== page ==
Our elder rockers have outgrown our descriptions

Plus: Opera in English? Sorry, I'll need that in writing and some frankly filthy language at the Globe this summer

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Okay, you do have to pinch yourself or wonder whether you have
woken up in the TV series Life on Mars, in which the hero woke up
to find himself transported back to the Seventies. In the last two
weeks, we've had Black Sabbath with a new album at number one in
the charts, with the main challenger for the top spot Rod Stewart.
Last weekend, a full house at the O2 Arena watched a sprightly 78
year-old Leonard Cohen perform. This was preceded a few days
earlier by rave reviews for The Who and Bruce Springsteen. And
tonight, The Rolling Stones top the bill at Glastonbury.

It's easy to poke fun, and no doubt many will. It's a safe bet that somewhere over the next 48 hours we will read the combined ages of the Rolling Stones. The last time I met Mick Jagger he sighed wearily to me that every time the band plays there's a bunch of journalists who "like to show they can do arithmetic."

Yes, it's easy to poke fun, but it's too glib. Rather we should take this quite extraordinary moment of so many old rockers being in demand at the same time to glory in the longevity of highly accomplished, energetic and charismatic performers, but also to redefine rock, pop and the business of performance.

There's never been a problem with septuagenarians playing jazz or the blues. Indeed, a weathered look gives kudos in both art forms. Rock and pop, though, since the first rock 'n' roll explosion in the Fifties, and even more so with the pop explosion in the Sixties, have been the province of youth, and the music has gone hand in hand with a posturing sexuality. Despite Mick's 28-inch waist and remarkable physical fitness, it is clearly faintly absurd to pretend to any of that when pushing 70. Yet, as the excitement and response in the audience will show tonight, there is still remarkable energy in the performance and the music, and a hint of subversiveness in the banter.

Those who have a problem in totally committing to the idea of pensioner pop are those who find it hard to lose sight of that original driving force of rock'n'roll, the rebellion and sexual assertiveness of youth. The packed crowds for the likes of the Stones, Springsteen, The Who, McCartney, Neil Young, Cohen and Dylan mean the time is ripe to find not just a new attitude towards pop and rock, but a new vocabulary. The word rock, with too many youthful connotations, sits uneasily with septuagenarians, even if the musicians themselves have no shortage of energy. We need new words – maybe the simplest word of them all, music, will suffice – and while we do still label it pop or rock, we need to see it as multi-generational and with no age barriers. It isn't easy to throw off those Fifties and Sixties associations with youth, sex and rebellion. But the performers have outlasted the concept.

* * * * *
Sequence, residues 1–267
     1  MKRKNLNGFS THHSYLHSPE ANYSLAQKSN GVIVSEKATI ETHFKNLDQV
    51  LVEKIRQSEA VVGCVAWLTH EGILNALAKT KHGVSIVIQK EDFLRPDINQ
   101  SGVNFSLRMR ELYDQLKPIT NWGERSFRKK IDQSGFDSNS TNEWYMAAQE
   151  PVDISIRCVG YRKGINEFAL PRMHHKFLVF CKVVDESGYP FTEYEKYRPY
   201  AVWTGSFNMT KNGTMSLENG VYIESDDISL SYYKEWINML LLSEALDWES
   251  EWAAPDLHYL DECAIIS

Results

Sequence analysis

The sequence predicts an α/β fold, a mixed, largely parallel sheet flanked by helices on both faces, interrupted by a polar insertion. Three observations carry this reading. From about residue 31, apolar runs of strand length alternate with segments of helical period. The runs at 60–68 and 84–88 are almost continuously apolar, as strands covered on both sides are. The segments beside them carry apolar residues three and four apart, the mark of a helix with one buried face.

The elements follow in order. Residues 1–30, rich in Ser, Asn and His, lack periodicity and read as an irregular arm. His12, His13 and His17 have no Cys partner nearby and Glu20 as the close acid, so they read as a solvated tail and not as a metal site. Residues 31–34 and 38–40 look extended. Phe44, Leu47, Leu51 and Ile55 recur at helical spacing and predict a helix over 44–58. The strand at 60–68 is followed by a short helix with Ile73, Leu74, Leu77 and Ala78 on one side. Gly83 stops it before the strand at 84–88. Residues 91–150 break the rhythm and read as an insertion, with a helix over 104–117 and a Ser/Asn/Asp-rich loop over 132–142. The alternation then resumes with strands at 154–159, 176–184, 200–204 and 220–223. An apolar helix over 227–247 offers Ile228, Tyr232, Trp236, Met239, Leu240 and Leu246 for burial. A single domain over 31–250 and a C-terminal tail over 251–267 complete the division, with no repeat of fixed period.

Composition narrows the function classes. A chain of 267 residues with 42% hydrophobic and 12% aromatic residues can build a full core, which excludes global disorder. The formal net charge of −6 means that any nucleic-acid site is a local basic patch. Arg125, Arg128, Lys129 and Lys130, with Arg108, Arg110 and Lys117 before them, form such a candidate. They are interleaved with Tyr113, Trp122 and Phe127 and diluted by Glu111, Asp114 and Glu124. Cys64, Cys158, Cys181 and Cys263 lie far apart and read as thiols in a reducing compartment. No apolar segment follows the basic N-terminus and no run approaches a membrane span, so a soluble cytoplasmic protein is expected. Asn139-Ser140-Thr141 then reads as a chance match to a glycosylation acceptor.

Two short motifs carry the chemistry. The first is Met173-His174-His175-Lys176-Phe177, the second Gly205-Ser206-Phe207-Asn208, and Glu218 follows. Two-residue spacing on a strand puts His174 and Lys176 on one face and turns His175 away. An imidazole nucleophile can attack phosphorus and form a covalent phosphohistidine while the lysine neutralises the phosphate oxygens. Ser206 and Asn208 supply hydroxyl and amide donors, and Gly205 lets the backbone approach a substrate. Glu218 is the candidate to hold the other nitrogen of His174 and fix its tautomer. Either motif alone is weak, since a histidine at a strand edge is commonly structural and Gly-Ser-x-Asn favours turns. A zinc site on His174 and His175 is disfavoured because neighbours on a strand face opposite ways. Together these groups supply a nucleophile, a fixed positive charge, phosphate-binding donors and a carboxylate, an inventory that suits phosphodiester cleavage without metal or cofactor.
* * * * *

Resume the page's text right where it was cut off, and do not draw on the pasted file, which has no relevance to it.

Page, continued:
Opera in English? Sorry, I'll need that in writing

Watching Deborah Warner's marvellously haunting production of Benjamin Britten's Death in Venice at the English National Opera, it was evident that there were no surtitles. Although ENO's productions are all sung in English, the company has used surtitles for some years now. It appears that Ms Warner, specifically requested that there be none for her production. Nearby, at the Royal Opera House, another Benjamin Britten opera, Gloriana, is currently playing. That does have surtitles. As it happens, at Death in Venice I could hear every word that was sung and there really wasn't a need for surtitles. Nevertheless, this is getting mighty confusing. The ENO sings in English yet needs to put the words up on a screen. The same composer is given surtitles for one opera but not for another just down the road. A surtitle policy, presumably carefully considered and deemed necessary for audiences, is changed at the request of one director. Are surtitles for operas in English necessary or not? I wish they'd make up their minds.

Frankly filthy language at the Globe this summer

Those familiar warnings about how viewers might find some scenes disturbing are usually phrased in the most coy and delicate language. So, I found it rather refreshing to look at the brochure for this season at Shakespeare's Globe Theatre. One of its shows later in the summer will be a new play called The Lightning Child by Che Walker. This is described as a modern take on Euripides' The Bacchae, combining crossdressing, drug abuse, internet porn and classical myth. The warning to spectators printed in the brochure dispenses with all the coy stuff. It states simply and straightforwardly: "Production contains filthy language." Can't say fairer than that.

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